Mexico early-January prices exceed market forecasts, rate hikes expected

MEXICO CITY, Jan 24 (Reuters) – Mexico’s headline inflation accelerated and beat expectations in early January, data from the national statistics agency showed on Tuesday, marking the first monthly pick-up since September as markets brace for fresh interest rate hikes ahead of us.

Annual headline inflation reached 7.94% in the first half of the month, beating the 7.77% recorded in December and economists’ forecasts of 7.86%, although still below the two-decade high rate of 8.70% registered in August and September.

Meanwhile the core index, which strips out some volatile food and energy prices, hit 8.45% on an annual basis, returning to the rise after showing some relief in December. It also beat forecasts by 8.34%.

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That means annual inflation remains well above the target rate of 3%, plus or minus one percentage point set by Banxico, as the Bank of Mexico is known.

Jonathan Heath, a Banxico bank board member, said on Twitter that the consumer price data showed “domestic pressure, possibly from increases in labor costs.” Heath pointed out that Mexico still has “a lot to worry about” when it comes to inflation.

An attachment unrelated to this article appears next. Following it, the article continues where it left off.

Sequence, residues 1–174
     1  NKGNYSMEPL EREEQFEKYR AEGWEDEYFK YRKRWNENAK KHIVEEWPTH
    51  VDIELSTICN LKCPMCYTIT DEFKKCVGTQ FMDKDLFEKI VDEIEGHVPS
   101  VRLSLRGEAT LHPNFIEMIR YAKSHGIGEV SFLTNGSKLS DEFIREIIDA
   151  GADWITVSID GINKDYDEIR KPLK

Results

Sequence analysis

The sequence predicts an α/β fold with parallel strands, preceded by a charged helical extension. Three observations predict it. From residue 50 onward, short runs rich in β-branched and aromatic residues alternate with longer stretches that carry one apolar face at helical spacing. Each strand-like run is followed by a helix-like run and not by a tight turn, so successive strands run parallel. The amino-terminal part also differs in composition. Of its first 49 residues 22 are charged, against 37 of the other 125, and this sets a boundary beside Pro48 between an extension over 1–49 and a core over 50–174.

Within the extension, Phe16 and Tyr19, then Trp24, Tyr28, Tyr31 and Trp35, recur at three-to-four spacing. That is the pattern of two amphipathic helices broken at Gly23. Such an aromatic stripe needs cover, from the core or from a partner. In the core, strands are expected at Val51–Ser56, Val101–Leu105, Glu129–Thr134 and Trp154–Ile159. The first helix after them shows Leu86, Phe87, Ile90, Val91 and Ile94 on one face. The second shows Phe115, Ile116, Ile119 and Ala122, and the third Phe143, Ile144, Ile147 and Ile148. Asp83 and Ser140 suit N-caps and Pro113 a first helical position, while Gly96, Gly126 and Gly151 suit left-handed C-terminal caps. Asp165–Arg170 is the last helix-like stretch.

In an effort to mitigate rising prices, Banxico increased its prime lending rate by 650 basis points to 10.50% during the current hiking cycle, which began in June 2021.

Banxico is considering another interest rate hike at its next monetary policy meeting on February 9, according to the minutes of its last board meeting – a move already expected by the markets, including a possible hike higher than as expected.

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The latest headline inflation figure, Capital Economics economist Jason Tuvey, said “there is a growing risk that Banxico will deliver a bit more tightening beyond the 25bp increase to 10.75% we expect at the February meeting.”

Banxico is unlikely to make any interest rate cuts in the next six months, Heath said in an interview last week.

In the first half of January, according to the statistics agency INEGI, consumer prices rose by 0.46% compared to the previous two-week period, and the core index rose by 0.44%, both more than the estimates of the market too.

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“We still believe that a decline in domestic fundamentals, lower raw material prices and improving global supply conditions will reduce inflation in the coming months,” said Pantheon Macroeconomics economist Andres Abadia.

“But today’s numbers suggest that Banxico will remain particularly hawkish in the short term.”

Mexico’s Latin American peer Brazil, where monetary tightening is on hold, released mid-month inflation data on Tuesday, with prices slightly beating market forecasts.

Reporting by Brendan O’Boyle and Gabriel Araujo; Additional reporting by Anthony Esposito; Editing by Steven Grattan and Andrea Ricci

Our Standards: The Thomson Reuters Trust Principles.

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